The Indoctrination of My Son, the College Student

I am looking at the texts that have been assigned to my son for his History class at college and on the surface, I am a bit disturbed by assignments of

    The Slave Community

by John Balssingame and

    The Puritan Family

by Edward S Morgan. I am not so disturbed by the contents of the books, I’m sure they are very fine reads about important topics, as much as I am disturbed by the selection of texts to define to students who they are. The importance of a college education has been so marketed in the U.S., that we are terrified to think our children might not have one, so we pack our children off to these institutions, and because the children are now at least legally “adults”, we are not allowed to monitor what their brains are being fed. So our institutions of higher learning have become breeding grounds for indoctrinating people into a way of thinking. (Did someone just say, “Them are fightin’ words”?)

Please don’t stop reading now and write me off as a racist. I don’t deny the despicable treatment that was incurred by Africans brought to this country and sold as slaves. Even after the emancipation following the civil war, it took a hundred years in this country to realize that people with a darker skin were not being treated equally with those of a lighter skin. Even today, incidents of bigotry often receive top billing in many media channels. I don’t deny anyone their oppression, in fact, I can identify with it more easily than deny it.

You see, the history in my family (at least on one side) goes back to a little German settlement in Russia. The Russian Czar had married a German princess who was lonely for her people. So out of the kindness of his heart, the Russian Czar set aside land and invited German farmers to come settle there. My ancestors, among many others, went and became Russian sharecroppers on land that could hardly produce anything. What it did produce mostly went to pay taxes to support the Czar’s lifestyle. As Marxism began to take a foothold, the ruling party conceived this to be a German threat, so my great grandparents escaped, stopping first in America before proceeding on to Brazil. My grandmother spoke fluent German, Portuguese and English. I loved her so much that in her final years, I did not even realize that diabetes had stolen her sight. I was eight when she died.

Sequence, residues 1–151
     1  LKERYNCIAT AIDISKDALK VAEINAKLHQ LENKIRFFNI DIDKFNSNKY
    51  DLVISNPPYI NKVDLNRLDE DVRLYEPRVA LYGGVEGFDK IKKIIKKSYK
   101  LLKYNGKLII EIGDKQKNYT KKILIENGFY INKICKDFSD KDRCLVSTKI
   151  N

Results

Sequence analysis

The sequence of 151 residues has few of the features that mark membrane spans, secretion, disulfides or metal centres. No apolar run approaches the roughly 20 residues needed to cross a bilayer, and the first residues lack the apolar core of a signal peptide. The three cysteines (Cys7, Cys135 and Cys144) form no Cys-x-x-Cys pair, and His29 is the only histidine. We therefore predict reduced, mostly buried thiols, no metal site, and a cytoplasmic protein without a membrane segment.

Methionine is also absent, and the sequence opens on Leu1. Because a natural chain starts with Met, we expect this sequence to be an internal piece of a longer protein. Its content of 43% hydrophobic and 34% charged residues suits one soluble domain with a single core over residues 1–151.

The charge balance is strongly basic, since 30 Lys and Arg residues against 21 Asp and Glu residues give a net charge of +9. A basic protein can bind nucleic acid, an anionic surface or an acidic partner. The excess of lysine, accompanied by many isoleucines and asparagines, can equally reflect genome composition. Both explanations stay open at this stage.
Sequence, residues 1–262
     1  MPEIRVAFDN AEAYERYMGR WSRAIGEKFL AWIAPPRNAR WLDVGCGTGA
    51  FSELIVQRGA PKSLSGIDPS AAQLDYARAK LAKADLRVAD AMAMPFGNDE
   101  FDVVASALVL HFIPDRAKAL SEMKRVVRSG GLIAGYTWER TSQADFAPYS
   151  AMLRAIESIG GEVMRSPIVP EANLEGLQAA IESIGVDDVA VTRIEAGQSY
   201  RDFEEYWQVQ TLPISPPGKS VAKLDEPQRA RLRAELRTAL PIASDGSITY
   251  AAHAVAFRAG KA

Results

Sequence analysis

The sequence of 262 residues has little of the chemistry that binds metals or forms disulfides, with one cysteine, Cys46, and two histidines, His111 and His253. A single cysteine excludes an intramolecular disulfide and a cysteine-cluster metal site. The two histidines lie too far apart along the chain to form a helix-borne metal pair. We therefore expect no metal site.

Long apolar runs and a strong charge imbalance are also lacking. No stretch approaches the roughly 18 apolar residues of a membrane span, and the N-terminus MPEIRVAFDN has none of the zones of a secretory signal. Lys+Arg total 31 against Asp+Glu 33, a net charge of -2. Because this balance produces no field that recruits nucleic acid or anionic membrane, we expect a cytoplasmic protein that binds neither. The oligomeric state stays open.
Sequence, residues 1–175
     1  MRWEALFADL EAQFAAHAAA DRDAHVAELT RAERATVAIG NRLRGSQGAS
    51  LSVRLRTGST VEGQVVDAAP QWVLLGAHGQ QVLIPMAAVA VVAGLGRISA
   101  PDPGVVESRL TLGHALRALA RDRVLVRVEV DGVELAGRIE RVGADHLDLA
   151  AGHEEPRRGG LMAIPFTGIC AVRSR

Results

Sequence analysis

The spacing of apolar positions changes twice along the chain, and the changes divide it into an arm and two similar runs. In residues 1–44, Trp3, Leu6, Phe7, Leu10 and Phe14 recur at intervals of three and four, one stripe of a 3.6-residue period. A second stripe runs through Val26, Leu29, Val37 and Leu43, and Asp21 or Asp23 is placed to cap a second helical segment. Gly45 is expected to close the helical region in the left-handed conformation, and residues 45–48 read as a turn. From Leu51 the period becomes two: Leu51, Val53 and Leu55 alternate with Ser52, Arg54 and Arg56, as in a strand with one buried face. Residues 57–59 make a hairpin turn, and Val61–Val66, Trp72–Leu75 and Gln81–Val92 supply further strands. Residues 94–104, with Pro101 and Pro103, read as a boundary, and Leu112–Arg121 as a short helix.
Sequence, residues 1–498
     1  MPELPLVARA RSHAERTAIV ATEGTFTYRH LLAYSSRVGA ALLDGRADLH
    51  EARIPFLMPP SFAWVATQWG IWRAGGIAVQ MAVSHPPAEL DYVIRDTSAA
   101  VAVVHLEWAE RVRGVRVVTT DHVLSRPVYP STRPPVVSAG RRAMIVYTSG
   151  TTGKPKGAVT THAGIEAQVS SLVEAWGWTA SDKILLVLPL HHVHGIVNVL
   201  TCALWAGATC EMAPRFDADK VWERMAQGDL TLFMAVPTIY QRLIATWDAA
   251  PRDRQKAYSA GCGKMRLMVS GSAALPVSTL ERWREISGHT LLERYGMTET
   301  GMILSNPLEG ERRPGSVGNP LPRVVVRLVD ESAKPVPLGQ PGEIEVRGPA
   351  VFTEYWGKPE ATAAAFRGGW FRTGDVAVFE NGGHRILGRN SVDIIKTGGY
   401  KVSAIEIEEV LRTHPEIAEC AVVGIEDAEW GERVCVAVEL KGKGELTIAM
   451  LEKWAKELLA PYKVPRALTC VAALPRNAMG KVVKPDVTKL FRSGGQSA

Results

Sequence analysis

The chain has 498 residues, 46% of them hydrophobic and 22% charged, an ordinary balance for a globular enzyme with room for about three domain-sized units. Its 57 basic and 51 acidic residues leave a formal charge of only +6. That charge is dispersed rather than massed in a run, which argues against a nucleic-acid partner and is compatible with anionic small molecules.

My grandmother’s life resembled more stereotypical black than white. Her family moved back to America and rumor has it that she met my grandfather on the ship. She married at 16 and had 16 kids, half of which either died in childbirth or shortly thereafter. When my father was 14, his father abandoned the family. Harmonywise, it was not a great loss as he was very abusive anyway, but economically it shifted responsibilities, and my father carried three paper routes to try to help make ends meet at home.

So I guess I’m a little sensitive when a political faction, be it left or right, wants to define a group of people in a certain way. After all, isn’t that the definition of prejudice? Yet, certain people look at me or my kids and all they see is privileged white. I don’t get it.

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